Building the Single Market of the future will require decisive action and leadership in two particular areas: services and digitalisation. In services, the implementation of EU rules by member states has proven particularly challenging. If the cost of goods in the Single Market has decreased by 20%, the price of services has diminished by only 7%. Services account for 70% of the European economy and are increasingly intertwined with manufacturing as a result of digitalisation. A full implementation of the Services Directive could boost the EU's GDP by 2%. While the primary responsibility for the lack of enforcement lies with member states, the Commission has also been called upon to be bolder in referring cases to the European Court of Justice. Moreover, renewed efforts will be needed in ensuring that the Points of Single Contact (e-government portals for services providers) are up and running.

Free data flows

Since its launch, the Digital Single Market has delivered a wide array of initiatives aiming at creating an environment for online platforms, SMEs, and businesses to thrive: roaming charges, e-commerce and parcel delivery. On 3 December, a new EU regulation on geo-blocking will put an end to the practice that prevents online customers from purchasing products or services from a website based in another member state – much to the joy of online Christmas shoppers. However, in this new digital environment, the EU will have to be cautious to not overregulate emerging technologies or limit the free flow of non-personal data. Voices are already calling for a review of GDPR to ensure that data protection rules do not impede the development of big data, machine learning, and artificial intelligence.

Engaging all EU institutions and stakeholders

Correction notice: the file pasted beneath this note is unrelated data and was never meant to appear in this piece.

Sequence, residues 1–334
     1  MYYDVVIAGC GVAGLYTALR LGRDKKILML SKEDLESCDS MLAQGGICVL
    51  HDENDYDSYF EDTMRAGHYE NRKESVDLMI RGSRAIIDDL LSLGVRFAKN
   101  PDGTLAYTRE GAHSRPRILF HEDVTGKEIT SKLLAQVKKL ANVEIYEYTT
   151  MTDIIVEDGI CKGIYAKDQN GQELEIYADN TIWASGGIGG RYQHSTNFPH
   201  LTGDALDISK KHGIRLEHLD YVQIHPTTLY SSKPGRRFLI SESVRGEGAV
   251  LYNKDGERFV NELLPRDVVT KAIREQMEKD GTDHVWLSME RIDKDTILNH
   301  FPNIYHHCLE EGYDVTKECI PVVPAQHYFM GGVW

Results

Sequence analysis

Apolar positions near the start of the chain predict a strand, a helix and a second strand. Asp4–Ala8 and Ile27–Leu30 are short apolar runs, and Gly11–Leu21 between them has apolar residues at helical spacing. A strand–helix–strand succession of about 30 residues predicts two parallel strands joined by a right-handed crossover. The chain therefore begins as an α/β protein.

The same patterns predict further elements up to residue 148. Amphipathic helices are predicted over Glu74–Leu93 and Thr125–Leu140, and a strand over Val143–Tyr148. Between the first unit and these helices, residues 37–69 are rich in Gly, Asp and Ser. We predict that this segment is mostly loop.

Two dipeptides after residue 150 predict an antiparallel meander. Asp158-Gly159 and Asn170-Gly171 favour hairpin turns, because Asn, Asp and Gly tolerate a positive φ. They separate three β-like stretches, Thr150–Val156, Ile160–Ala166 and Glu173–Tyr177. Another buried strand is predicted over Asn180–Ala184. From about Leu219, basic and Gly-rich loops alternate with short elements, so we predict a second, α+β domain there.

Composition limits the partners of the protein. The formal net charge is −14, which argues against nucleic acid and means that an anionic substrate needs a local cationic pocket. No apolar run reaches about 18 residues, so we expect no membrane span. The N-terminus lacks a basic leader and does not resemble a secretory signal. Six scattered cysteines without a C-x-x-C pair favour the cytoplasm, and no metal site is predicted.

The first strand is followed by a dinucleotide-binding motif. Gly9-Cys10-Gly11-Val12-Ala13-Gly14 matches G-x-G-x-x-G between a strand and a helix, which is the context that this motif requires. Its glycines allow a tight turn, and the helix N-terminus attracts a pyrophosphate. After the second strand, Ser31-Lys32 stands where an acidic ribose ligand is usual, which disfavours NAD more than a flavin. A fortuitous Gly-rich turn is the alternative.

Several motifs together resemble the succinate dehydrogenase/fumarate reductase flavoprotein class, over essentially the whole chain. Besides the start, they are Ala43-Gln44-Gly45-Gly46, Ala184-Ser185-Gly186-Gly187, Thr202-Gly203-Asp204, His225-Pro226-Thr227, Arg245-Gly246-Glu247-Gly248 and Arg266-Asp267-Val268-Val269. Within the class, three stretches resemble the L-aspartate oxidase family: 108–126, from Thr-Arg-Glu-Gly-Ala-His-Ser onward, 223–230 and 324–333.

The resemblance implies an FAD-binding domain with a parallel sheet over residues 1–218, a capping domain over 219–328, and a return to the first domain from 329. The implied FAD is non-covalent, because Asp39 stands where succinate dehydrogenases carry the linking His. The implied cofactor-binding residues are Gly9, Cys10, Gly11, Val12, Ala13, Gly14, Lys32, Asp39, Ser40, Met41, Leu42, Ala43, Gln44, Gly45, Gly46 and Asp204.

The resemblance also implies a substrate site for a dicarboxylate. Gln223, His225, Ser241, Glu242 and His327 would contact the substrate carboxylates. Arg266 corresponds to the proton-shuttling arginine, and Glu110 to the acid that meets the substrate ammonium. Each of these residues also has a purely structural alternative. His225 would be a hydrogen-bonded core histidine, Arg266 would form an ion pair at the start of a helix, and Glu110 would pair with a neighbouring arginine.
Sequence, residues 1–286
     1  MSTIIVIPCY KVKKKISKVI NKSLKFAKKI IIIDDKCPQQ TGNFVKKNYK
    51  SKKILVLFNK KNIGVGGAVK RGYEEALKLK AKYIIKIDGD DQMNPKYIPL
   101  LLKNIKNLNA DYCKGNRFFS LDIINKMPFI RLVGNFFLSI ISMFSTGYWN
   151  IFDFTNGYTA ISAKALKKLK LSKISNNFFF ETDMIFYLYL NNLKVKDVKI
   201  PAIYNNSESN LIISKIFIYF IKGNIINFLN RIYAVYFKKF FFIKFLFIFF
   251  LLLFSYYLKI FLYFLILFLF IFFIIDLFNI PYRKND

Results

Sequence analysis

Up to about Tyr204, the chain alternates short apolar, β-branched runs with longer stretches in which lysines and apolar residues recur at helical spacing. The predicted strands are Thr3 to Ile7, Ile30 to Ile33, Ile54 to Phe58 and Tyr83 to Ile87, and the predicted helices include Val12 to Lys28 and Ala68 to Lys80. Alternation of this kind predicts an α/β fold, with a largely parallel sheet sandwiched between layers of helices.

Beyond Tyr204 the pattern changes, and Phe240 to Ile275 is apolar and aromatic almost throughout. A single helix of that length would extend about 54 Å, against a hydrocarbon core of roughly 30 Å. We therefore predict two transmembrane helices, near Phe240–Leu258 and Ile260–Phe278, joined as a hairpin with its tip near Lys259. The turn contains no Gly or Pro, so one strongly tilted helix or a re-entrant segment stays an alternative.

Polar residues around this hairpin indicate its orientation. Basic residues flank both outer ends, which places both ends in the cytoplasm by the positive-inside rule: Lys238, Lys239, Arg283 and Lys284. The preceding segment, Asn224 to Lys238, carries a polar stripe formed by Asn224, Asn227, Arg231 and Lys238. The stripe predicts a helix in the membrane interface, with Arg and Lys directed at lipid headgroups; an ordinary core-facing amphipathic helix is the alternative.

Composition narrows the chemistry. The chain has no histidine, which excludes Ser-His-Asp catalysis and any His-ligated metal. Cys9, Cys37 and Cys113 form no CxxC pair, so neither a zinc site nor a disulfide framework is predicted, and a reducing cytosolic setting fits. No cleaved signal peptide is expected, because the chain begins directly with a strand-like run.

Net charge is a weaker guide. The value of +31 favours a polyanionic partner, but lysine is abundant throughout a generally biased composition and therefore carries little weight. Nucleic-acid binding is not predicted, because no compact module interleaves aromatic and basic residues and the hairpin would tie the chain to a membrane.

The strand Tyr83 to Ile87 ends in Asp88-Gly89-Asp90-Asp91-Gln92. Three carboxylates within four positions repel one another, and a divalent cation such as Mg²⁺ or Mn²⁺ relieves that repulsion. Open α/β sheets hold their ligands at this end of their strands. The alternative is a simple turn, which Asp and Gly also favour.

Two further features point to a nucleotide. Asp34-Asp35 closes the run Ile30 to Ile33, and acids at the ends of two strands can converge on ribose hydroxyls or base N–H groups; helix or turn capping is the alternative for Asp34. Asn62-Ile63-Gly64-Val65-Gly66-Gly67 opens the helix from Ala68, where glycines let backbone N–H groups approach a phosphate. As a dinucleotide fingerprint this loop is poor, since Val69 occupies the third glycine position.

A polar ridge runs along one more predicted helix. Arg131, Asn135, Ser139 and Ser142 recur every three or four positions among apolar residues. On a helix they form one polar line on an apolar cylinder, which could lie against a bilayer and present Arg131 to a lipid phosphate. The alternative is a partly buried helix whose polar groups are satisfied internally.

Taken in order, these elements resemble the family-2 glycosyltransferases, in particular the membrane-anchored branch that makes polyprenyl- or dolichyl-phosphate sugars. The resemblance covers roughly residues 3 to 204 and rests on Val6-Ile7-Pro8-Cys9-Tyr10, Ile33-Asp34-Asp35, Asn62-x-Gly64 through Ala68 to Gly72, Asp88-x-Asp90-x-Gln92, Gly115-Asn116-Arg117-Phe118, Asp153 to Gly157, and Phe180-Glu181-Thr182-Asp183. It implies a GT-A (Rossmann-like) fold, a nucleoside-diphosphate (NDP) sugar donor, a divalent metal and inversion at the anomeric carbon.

Under the Austrian Presidency, the High-Level Group on Competitiveness and Growth produced a working paper in November that had a remarkable number of new ideas. The aim was to shift the Single Market debate to “opportunities rather than shortcomings”. Instead of a Digital Single Market, it suggested focusing on a digitised Single Market. The free flow of data will spur future growth and it should be seen alongside the four freedoms of movement (capital, good, services, people).

The working paper also suggested that "political ownership" be increased by involving member states on future Single Market measures at a high level “in the early stages of the decision-making process”. Furthermore, it calls on the Council to improve ‘better regulation’ processes by taking immediate actions. It cannot dodge this issue after the 2019 elections.

Arguably, there is a risk of taking the Single Market for granted because of its achievements. Single Market stakeholders – member states and economic operators – should feel a duty to contribute ideas and ensure that the global trend of responding to international competition with protectionism does not end up undermining the Single Market too. Beyond asking for a mere stock-taking exercise every now and then, the European Council should push member states to become more committed partners, with which the Commission and the Parliament could shape the Single Market of tomorrow. The December summit is a good place to start.